Pennsylvania is three months into “unwinding” of the Medicaid (Medical Assistance) continuous coverage protections that had been tied to the COVID-19 pandemic. These protections allowed people on Medicaid to keep their coverage even if they were not eligible or didn’t complete a renewal. These individuals are considered “COVID maintained” because they were kept on Medicaid only because of the COVD era protections. Since April 1, the Department of Human Services (DHS) has been able to terminate Medicaid for COVID maintained individuals as well as all others on Medicaid. if they are ineligible or when renewal paperwork is not received.
As reported previously, DHS is taking a full twelve months to review eligibility of everyone on Medicaid, which means the work of conducting renewals will be spread out. Most Medicaid renewals will occur when they normally would be scheduled. DHS anticipates renewing an average of 300,000 people per month during the 12-month unwinding.
For those interested in following the unwinding progress, DHS has made available on its website two sets of data on the continuous coverage unwinding. DHS’s Unwinding Tracker includes statewide, county, and zip code-level data on Medicaid renewals and their outcomes for the 1.3 million individuals in the COVID Mmaintained population described above. PHLP understands the data is intended to be cumulative but is awaiting clarification on some data discrepancies to confirm the accuracy of what is currently posted. DHS is also posting the unwinding reports it sends to the Centers for Medicaid and Medicare Services (CMS) each month showing the outcomes of renewals for the entire Medicaid and CHIP population. These reports have limitations, as they do not show outcomes of renewals that were due in one month, but not processed until the next. For example, the April report notes that 124,950 (48%) of the individuals whose renewals were due in April had not yet had their eligibility reviewed. But the May report does not report the outcomes of those renewals, resulting in a substantial information gap.
As a result of the gaps in the available data, PHLP has been able to draw few conclusions from the data alone. However, it does appear that the overwhelming majority of “procedural terminations” – terminations because a renewal or other required documentation was not received by DHS – are among the COVID maintained population. This likely includes people who moved but haven’t updated their address with DHS and people who know they are no longer Medicaid eligible so did not return their renewal. It also could include people whose renewals were late due to mail delays and individuals who have struggled to meet renewal documentation requirements.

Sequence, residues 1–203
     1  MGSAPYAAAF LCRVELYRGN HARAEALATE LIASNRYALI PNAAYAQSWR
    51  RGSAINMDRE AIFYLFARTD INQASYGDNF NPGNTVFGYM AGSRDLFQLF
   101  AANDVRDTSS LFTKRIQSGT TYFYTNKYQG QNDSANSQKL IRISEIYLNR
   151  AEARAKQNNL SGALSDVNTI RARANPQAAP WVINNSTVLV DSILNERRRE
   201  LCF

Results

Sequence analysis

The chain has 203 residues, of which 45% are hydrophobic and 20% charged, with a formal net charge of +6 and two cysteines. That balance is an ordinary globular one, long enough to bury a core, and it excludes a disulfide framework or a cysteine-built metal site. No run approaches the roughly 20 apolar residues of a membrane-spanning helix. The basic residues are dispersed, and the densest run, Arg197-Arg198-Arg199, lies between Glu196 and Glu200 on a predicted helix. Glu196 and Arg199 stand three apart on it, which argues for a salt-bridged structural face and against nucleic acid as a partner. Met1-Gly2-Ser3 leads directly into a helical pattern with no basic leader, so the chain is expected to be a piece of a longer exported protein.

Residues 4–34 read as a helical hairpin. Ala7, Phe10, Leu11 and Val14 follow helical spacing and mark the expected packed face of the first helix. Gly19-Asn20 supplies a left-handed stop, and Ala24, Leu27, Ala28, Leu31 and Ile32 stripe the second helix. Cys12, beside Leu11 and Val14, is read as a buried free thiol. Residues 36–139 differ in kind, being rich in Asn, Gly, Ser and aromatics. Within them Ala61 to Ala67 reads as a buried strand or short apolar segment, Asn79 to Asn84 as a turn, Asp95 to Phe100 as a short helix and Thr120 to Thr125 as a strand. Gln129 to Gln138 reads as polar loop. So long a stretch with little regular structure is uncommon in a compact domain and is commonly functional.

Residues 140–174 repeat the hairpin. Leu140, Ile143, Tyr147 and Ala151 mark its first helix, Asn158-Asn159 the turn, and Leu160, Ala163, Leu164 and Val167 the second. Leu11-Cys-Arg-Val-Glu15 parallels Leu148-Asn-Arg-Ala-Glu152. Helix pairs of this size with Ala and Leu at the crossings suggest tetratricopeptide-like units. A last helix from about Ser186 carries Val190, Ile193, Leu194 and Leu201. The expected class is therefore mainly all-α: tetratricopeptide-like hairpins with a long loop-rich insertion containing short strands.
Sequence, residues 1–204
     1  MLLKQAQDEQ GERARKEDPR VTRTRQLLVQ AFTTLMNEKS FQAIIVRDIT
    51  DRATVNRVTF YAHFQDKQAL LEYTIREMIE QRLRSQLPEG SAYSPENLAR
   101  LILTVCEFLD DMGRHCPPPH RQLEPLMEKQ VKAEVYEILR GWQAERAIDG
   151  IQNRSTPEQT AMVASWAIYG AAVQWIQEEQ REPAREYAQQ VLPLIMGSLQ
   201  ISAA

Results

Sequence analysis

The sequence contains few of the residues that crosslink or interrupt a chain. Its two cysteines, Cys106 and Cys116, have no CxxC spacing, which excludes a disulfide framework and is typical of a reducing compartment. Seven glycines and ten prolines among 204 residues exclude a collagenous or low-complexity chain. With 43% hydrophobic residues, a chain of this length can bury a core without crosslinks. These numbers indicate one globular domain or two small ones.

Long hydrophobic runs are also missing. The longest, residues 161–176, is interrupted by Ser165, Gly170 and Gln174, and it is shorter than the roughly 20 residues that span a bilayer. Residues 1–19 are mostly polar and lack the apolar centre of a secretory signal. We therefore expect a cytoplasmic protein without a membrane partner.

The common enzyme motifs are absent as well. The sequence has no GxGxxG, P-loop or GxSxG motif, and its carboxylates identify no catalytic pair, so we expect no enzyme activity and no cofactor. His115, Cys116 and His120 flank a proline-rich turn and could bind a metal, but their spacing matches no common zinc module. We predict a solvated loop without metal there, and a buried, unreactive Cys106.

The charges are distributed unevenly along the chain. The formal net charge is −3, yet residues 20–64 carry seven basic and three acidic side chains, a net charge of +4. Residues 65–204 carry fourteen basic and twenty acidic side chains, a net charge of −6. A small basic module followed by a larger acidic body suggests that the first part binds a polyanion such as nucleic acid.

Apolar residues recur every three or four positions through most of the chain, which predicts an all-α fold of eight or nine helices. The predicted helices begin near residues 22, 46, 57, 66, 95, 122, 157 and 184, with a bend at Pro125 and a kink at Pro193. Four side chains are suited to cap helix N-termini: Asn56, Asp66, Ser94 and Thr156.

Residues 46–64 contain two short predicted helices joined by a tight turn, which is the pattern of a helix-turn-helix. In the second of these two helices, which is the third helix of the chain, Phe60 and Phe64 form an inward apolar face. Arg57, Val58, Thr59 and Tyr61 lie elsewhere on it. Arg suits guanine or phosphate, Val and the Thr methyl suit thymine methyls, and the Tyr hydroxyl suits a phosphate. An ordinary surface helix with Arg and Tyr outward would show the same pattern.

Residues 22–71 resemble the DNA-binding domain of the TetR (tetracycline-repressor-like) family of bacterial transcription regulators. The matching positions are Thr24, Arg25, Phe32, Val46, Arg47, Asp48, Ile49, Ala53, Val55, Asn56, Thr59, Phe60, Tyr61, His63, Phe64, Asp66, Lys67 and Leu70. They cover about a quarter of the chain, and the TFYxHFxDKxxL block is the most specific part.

PHLP has noted some issues – at least among our clients – that reflect a few challenges in the renewal process. These include: CAOs encountering errors preventing them from putting up eligibility for some Medicaid recipients. Several PHLP clients reported being told by their caseworker that they should not appeal their Medicaid denial, which is an inappropriate interference with the right to a fair hearing to challenge a denial. Others have been informed of their Medicaid termination less than 15 days in advance, resulting in Medicaid being inappropriately terminated before an appeal could be filed.
As Pennsylvania moves deeper into the Medicaid continuous coverage unwinding over the next months, we will share additional information with readers. In the meantime, Medicaid recipients are reminded to update contact information and other details with DHS, by calling the Statewide Customer Service Center at 1-877-395-8930 (in Philadelphia call 215-560-7226) and keep an eye out for and respond promptly to letters and renewals from the County Assistance Offices. Those needing assistance with Medicaid eligibility or appealing a Medicaid termination or denial can contact their local Legal Aid office or PHLP's Helpline at 1-800-274-3258.